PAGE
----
TBILISI, DFWatch–Georgia’s Prime Minister Giorgi Kvirikashvili met President of the European Parliament Martin Schulz on Wednesday.
Schulz is leaving EU politics when his term expires in January in order to focus on the federal elections in Germany next year, where he is seen as a potential rival to Chancellor Angela Merkel.
‘We are holding intensive discussion about the question of visa liberalization’ Martin Schulz, the President of the European Parliament said at a press conference following the meeting with the Georgian PM.
“We went into the details of the ongoing negotiations between the council of ministers and the European Parliament. I am still optimistic that in the coming days the Council of Ministers and the European Parliament will find a compromise solution especially about what we called a suspension mechanism,” Schulz said.
Visa free travel in the Schengen zone for citizens of Georgia and Ukraine has been put off until next year, as the proposal makes its way through the EU’s complicated decision making process. On January 18, the suspension mechanism in regard to Georgia and Ukraine is up for debate in the EU parliament’s, according to the announced schedule.
Kvirikashvili thanked Schulz for supporting the reforms Georgia has carried out in order to be given visa free travel to the Schengen area.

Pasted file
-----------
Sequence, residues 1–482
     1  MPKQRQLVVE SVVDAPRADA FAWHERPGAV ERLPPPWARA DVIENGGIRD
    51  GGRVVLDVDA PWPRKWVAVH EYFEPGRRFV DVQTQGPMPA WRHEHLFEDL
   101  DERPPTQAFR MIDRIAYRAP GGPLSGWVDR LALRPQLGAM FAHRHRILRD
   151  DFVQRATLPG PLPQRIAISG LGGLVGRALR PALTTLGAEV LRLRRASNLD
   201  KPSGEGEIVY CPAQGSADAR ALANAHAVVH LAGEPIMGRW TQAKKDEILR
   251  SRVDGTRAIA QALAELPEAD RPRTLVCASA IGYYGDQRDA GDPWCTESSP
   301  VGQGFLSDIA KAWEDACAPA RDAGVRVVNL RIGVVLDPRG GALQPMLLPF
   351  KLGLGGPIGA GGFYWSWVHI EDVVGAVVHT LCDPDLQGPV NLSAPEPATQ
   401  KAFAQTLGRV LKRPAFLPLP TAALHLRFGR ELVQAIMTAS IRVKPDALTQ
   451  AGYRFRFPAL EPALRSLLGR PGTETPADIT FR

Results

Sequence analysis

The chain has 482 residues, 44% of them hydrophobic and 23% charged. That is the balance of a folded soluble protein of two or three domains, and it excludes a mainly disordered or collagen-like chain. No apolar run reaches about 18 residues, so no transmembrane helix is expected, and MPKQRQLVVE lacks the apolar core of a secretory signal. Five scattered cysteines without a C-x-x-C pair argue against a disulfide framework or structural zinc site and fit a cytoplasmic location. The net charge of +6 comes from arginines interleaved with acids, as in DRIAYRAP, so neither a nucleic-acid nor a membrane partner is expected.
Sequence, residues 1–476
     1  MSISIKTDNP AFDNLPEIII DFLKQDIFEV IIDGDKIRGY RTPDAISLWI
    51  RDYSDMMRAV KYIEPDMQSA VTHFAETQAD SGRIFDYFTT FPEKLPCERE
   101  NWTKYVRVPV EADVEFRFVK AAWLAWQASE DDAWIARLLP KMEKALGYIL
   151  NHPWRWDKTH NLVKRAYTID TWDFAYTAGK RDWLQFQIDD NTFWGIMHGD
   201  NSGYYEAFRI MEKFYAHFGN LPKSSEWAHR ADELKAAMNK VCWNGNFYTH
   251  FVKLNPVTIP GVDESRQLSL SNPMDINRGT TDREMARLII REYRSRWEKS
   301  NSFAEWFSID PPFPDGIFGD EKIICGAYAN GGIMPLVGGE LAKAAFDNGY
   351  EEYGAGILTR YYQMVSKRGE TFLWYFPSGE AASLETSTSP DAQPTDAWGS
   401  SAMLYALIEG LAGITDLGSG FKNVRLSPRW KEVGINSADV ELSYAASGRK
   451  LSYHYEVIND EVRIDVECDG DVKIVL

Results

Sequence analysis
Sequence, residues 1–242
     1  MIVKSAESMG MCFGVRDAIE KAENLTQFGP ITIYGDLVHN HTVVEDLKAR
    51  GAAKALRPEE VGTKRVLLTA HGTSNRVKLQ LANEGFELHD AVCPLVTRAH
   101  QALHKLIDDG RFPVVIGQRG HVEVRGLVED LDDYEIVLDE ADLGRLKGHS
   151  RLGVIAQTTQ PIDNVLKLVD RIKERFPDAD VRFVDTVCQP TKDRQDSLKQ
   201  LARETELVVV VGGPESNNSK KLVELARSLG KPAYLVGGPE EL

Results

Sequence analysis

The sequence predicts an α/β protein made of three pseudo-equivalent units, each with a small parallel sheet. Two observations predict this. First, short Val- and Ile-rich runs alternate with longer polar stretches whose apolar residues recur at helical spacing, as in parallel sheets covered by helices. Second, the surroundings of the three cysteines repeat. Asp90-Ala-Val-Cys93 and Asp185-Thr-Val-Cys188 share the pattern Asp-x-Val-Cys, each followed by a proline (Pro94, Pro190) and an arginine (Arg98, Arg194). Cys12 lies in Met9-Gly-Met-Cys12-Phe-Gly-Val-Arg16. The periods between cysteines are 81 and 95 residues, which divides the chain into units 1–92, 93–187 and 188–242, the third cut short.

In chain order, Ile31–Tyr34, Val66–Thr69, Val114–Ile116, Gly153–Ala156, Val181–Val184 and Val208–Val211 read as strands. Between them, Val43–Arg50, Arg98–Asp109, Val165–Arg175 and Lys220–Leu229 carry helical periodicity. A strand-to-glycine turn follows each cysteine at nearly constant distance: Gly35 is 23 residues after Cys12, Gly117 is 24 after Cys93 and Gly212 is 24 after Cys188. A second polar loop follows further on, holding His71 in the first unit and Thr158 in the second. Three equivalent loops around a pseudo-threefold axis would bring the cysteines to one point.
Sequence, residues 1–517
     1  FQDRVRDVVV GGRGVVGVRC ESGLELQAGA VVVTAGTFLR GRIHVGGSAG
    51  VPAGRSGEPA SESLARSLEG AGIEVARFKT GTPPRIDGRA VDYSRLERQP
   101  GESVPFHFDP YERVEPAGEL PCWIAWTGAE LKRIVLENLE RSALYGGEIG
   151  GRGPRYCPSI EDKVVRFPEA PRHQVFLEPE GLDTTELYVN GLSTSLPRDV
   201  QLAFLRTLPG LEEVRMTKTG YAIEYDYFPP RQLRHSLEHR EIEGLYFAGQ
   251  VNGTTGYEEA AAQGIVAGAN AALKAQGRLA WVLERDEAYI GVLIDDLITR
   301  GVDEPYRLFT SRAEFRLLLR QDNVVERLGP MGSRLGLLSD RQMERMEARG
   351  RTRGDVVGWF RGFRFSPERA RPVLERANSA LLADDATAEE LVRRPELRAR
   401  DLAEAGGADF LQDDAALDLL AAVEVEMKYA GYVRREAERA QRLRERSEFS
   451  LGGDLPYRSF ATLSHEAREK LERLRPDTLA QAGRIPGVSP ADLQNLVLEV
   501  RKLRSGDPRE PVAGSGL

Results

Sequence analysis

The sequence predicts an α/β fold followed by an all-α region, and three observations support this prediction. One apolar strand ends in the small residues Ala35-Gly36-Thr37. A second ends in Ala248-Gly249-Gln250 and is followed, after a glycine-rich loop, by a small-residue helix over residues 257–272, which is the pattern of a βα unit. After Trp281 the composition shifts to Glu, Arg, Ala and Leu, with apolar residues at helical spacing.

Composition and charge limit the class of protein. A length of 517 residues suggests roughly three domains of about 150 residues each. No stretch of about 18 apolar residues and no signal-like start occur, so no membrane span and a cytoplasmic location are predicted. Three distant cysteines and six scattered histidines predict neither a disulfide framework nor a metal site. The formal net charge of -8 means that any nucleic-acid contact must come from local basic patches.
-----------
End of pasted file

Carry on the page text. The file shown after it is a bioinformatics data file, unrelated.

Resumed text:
EU set as a condition for visa-free travel that Georgia introduce a new anti-discrimination law that offered better human rights protection for gays and other sexual minorities.
“The visa regime is expected by a majority of the Georgian population. This is an enormous transformative power, an enormous incentive for continuing the reform agenda for Georgia. We are expecting internal procedures in Brussels will be finalized in the near future and expectations of Georgian people will be fulfilled,” Kvirikashvili said at the press conference.
Ahead of the EU-Georgia Association Council on December 2, the EU Commission released a statement, which gave a positive assessment of Georgia’s progress in the implementation of the association agreement the country signed with the EU in 2014, which fully entered into force last July.
“Implementing reforms is not always easy, and requires determination and leadership, but it is bringing countless new opportunities to our peoples”, said the EU’s foreign policy chief Federica Mogherini.
The visa waiver regime allows entry to the Schengen area – but not the right to work – for up to 90 days. The Schengen area consists of most EU states and several non-EU members.
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